Punk may be defined as a cultural and societal critique represented through several similar historical movements offering an ever-fluid opposition to a perceived status quo.  Punk provides a sporadic yet constant reminder of our need to reevaluate and challenge our political realities. It is the creative act (whether visual or sonic) that can aid in our development of an emotional range, informed by our internal understanding, constructing and informing our shared realities. I would like the viewer to enjoy an experience of self-discovery while navigating the images presented.  This activity allows for the spectator to seek out a psychological relationship to the distortion of the image while reveling in the information provided. It is my sincere hope that the work offers an opportunity of a shared thinking experience, one that allows the viewer a time to reflect and perhaps find a greater awakening to the problems that affect all.   In an idealized world, my work acts as a catalyst that may help us all find common cause to create positive change.

Wesley Hurd: The Odyssey of These Days

June 1 to July 7

Wesley Hurd’s painting series, The Odyssey of These Days, explores intimate depths of loss, struggle, grief and hope. The paintings present an abstract visual narrative evoking the intensity of human suffering and our journey beyond it, into hope.

According to Hurd, “This series of abstract paintings formed an unexpected narrative in three movements: shock and struggle, loss and grief, and finally memoriam and acceptance of loss. Rather than focusing on the social, political and ideological, I am interested in how we form meaning from life experiences—good and bad, pleasurable and painful.” The tragic shooting at Oregon’s Umpqua Community College in 2015, occurred in the midst of the making of this work, deeply influencing the final two paintings.

Miya Hannan: Layered Stories

June 8 to July 14

For the last 13 years, I have been working on installations, sculpture, and drawings that are driven by my cultural perception of death. After working for a hospital and experiencing death for seven years, I came to view the world as layers and linkages of histories. This exhibition “Layered Stories” depicts this view. Every dead person becomes a part of our land both physically and spiritually, creating rich histories around us. In my home county Japan, people inherit the histories of the land where they live. Whatever happened and whoever died underneath one’s feet become a part of one’s own story. I am interested in stories buried beneath the present layer.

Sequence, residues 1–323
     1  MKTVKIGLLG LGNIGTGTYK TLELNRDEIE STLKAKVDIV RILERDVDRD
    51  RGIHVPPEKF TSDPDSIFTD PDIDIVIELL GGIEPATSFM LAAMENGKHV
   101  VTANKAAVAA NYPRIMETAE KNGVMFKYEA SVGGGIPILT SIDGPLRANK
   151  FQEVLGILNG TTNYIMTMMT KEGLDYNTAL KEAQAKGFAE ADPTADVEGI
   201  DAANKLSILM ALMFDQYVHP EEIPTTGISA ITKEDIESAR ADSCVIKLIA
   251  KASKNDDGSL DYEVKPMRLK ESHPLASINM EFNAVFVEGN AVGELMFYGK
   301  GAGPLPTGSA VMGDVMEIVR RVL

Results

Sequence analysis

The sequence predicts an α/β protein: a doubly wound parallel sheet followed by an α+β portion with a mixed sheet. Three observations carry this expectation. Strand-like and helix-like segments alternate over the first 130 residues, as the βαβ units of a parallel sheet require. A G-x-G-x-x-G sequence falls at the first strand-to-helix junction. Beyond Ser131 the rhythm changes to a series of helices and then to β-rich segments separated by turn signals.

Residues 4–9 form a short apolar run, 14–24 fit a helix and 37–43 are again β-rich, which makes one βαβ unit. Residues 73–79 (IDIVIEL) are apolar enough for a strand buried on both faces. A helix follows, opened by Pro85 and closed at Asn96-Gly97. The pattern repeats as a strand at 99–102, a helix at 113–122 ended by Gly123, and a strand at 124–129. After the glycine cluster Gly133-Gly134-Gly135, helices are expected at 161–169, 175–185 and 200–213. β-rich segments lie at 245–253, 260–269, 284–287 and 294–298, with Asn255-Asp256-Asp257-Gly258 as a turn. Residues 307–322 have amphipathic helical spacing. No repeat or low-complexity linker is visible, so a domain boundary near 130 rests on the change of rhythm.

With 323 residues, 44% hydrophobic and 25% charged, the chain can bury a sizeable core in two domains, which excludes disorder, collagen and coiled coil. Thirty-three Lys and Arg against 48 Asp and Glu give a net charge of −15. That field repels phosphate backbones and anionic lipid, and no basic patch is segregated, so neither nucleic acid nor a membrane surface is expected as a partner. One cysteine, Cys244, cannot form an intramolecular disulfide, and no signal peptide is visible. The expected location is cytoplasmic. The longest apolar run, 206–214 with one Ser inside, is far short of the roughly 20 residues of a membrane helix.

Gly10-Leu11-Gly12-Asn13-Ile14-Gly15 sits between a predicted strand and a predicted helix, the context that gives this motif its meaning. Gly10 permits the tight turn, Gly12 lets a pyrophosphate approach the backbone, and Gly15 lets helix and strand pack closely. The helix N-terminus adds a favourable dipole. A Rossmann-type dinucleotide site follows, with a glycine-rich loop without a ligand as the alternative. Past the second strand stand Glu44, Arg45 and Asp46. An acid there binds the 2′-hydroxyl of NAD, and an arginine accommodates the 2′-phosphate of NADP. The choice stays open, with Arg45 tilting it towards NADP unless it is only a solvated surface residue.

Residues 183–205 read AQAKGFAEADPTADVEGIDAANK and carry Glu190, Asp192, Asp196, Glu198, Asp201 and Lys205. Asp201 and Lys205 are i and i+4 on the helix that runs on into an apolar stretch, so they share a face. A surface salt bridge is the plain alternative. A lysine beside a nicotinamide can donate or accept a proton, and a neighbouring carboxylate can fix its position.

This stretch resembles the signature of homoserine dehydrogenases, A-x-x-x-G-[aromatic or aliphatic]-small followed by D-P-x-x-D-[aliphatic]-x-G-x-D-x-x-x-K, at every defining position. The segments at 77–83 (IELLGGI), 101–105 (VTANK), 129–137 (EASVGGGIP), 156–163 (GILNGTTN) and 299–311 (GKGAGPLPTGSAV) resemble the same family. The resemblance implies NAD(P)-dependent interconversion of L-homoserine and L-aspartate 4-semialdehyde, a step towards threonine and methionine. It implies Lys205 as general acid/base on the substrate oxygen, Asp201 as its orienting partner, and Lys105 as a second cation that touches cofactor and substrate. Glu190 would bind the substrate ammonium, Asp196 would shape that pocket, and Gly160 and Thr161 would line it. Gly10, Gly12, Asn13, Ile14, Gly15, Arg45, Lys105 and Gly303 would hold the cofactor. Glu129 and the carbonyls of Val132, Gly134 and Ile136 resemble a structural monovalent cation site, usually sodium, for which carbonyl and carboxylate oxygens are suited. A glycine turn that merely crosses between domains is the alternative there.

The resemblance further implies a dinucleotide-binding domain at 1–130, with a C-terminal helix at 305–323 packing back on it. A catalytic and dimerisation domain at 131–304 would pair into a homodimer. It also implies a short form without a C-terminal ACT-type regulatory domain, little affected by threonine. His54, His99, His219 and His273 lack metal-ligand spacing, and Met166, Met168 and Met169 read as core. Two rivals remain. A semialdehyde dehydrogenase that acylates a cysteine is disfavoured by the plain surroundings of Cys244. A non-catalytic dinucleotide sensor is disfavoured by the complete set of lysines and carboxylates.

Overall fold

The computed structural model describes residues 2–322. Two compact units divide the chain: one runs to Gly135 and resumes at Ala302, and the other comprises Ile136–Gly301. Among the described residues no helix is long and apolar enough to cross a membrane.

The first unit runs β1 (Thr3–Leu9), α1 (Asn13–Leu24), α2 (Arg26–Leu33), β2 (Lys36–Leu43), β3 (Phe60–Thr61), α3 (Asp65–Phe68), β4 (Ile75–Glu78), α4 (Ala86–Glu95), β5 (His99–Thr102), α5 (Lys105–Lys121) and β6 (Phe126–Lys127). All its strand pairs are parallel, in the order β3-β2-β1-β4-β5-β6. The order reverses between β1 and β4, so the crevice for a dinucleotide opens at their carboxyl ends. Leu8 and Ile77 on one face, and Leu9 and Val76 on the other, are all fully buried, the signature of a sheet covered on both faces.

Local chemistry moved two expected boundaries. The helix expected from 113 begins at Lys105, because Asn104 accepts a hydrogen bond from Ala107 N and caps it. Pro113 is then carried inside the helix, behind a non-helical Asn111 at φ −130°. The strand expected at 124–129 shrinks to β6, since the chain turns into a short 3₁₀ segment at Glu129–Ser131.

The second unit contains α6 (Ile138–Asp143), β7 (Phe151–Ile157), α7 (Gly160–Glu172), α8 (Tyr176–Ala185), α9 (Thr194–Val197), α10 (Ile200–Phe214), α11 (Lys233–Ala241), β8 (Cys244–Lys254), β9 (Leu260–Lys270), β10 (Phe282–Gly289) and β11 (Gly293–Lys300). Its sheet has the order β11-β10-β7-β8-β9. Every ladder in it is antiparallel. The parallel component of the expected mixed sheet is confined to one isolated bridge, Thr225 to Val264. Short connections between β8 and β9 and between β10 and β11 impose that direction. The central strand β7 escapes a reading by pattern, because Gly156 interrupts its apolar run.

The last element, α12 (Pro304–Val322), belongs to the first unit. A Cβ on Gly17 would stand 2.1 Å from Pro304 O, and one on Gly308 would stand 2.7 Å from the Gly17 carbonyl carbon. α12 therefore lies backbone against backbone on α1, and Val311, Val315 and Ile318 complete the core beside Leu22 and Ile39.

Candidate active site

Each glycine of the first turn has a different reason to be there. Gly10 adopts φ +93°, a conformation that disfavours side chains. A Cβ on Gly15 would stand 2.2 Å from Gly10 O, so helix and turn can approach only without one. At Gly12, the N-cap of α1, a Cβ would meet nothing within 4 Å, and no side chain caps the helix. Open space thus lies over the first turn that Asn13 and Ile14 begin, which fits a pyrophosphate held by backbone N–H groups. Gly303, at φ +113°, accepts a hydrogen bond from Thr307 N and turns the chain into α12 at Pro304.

Nishiki Sugawara-Beda: Spirit of the Day

July 6 to August 11

Nishiki Sugawara-Beda is a visual artist working primarily on painting. Her multicultural background through travels and immigration from Japan to the United State as a young adult has formed her interests in examining various cultures. To speak to the core of humanity, she seeks the connections among cultures both from the past and present, and she focuses on tracing traditional Japanese activities back to their origins through her research.

Spirit of the Day is an attempt to highlight an oft-forgotten engagement in contemporary society—a deeper connection with their own spirit. The paintings present a moment of this spiritual engagement through mindfully cultivated marks on the surface. Sumi-ink brings out subtle and nuanced shifts in values and highlights a myriad of layers so that viewers may get lost in them and find their core of shared humanity and the core of their humanity.

Laura Corsiglia: Points of View: Everything Happening All at Once

July 13 to August 25

Point of View: Everything Happening All at Once is a use of drawing to explore wildness, belonging and reciprocity - to notice our participation in a deepening network of points of view. The exhibition is made of large drawings on paper, an installation inviting viewers to enter with their faces, an immersive piece made of light and artist books.

Scale: We are big, our nipples are small. We are tiny, our mountain is shelter. Every starling sees us go to the store. Redwood crowns fly by as we sit in a box.

While we are talking a chipmunk has given birth. A Peregrine falcon eats a small duck, perched on the post above the bridge. Feathers fall slowly past the trucks. Turns out there are spiders who nurse their young. My love’s face is the size of a constellation and his hair turns like a guitar. Fog is taking away our edges. We’re surrounded and seen. And we surround others at all times. That was a loon. This book folds in and out at the same time.

Lida Penkova: Dreams of Far Away Places

July 20 to September 1